Not sure what kinds of activities will serve you best? Ask yourself a few questions:

  • When I think of the word nurtured, what comes to my mind? What would it mean to feel nurtured and well-cared for in my life? What would that look like? Be very specific.
  • What can I add, delete, or change about the way I do things to bring life to what I have described above?
  • I am at my best when I am...
  • Today I want to feel...
  • Right now I need/want...
  • What would make me feel good right now?
  • If I had 1 hour/6 hours/24 hours to myself how would I choose to spend that time?

Let it be known: Communicate your desires to everyone around you—your partner especially—and enlist your support system to help you make it happen. Discuss ways you might shift your routines to accommodate these new ways of thinking and being and doing, you may be surprised to find that your partner isn't getting enough self care either. Use that opportunity to negotiate new routines in both your favor. Maybe there are parts of your day, or aspects of your responsibilities, that you can outsource in order to gain more time to meet your own needs: babysitters, cleaning help, meal and grocery delivery services. Make a compelling case for how self care will benefit the family dynamic. And if you (or your partner) aren't so sure yet, just give it a try: take some time for yourself and see how you feel afterward. See what you bring back to your kids and your partner and the ways in which your investment ripples out to touch everyone.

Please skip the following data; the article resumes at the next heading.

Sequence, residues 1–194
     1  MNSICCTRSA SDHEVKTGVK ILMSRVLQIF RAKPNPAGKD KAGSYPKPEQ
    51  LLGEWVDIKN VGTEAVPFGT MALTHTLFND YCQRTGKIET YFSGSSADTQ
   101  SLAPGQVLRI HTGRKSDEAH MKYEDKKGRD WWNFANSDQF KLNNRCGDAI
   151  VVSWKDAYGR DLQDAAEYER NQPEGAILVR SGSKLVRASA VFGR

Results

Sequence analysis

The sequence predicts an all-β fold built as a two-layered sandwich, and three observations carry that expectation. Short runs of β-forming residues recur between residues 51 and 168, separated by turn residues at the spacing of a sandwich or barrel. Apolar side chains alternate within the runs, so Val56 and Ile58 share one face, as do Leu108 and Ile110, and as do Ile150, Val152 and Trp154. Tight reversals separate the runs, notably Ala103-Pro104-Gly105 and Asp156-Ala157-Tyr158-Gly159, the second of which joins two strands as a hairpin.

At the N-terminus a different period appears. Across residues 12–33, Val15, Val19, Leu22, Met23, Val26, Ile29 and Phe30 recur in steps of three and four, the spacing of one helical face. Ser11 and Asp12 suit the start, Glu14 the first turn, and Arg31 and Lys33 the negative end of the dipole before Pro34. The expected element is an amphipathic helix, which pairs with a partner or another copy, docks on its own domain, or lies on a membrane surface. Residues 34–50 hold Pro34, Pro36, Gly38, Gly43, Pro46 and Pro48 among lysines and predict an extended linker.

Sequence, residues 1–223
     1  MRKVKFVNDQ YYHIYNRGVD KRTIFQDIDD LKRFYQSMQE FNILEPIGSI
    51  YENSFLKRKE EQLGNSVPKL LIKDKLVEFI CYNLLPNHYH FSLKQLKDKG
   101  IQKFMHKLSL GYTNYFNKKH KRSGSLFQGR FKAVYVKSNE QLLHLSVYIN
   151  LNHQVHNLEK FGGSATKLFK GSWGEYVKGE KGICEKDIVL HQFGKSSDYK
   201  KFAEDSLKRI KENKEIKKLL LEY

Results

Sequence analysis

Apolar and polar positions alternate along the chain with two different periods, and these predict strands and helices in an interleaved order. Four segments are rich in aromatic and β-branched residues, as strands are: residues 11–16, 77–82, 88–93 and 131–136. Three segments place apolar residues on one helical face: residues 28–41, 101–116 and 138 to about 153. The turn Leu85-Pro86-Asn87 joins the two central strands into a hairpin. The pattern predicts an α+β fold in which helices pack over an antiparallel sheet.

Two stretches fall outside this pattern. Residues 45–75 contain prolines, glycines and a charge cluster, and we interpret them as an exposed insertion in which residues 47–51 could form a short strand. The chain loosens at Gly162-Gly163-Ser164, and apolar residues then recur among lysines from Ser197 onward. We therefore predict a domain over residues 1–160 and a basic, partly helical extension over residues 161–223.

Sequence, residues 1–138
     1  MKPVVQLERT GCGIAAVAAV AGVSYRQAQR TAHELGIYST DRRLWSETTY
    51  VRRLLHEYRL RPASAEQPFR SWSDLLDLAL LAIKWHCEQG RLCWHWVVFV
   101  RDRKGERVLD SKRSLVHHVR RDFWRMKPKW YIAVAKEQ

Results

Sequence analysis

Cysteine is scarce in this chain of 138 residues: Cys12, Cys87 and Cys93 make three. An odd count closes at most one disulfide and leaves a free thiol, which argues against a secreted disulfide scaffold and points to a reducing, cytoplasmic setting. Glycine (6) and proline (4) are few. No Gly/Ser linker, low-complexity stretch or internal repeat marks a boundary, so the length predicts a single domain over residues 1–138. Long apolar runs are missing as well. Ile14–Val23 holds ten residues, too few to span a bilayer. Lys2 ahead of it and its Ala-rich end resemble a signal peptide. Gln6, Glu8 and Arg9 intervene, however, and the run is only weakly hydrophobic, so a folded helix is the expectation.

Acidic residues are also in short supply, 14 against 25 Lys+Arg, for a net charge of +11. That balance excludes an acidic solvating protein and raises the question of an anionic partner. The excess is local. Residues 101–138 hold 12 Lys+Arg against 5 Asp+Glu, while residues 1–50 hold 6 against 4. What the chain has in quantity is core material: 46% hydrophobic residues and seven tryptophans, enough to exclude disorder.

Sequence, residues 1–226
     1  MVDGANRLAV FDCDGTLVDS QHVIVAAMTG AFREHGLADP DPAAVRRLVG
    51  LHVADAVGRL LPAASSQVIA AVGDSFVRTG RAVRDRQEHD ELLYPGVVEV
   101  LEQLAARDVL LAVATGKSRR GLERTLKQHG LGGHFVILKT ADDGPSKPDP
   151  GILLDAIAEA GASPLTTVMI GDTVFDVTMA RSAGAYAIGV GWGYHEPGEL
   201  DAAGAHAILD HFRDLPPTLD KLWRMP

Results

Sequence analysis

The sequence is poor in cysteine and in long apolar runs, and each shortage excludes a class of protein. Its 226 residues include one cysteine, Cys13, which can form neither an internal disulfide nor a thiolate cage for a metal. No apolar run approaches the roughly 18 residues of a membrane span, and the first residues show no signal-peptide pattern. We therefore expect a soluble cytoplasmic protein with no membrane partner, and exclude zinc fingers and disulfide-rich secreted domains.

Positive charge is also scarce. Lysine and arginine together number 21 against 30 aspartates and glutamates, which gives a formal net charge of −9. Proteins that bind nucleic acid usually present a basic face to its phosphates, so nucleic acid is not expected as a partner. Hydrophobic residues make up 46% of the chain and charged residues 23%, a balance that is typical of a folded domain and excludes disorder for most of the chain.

Schedule it: Pencil it in, protect your time. Set boundaries, and practice saying no to others so you can say yes to yourself.

2 comments :

  1. Thank you so much, I had been telling myself the need for therapy after 5 years of mothering was selfish that I just needed to pick myself up but so much of this article has resonated with me and I realise now that 5 years of mothering has stripped me to the bone and some help making a plan to put myself back together is just what I need. Your honesty and openess is inspiring and motivational.

    ReplyDelete
    Replies
    1. Do it, you will enjoy taking that time for yourself, and who knows where that one step will lead! How exciting, a new layer to your mothering adventure. <3 <3 <3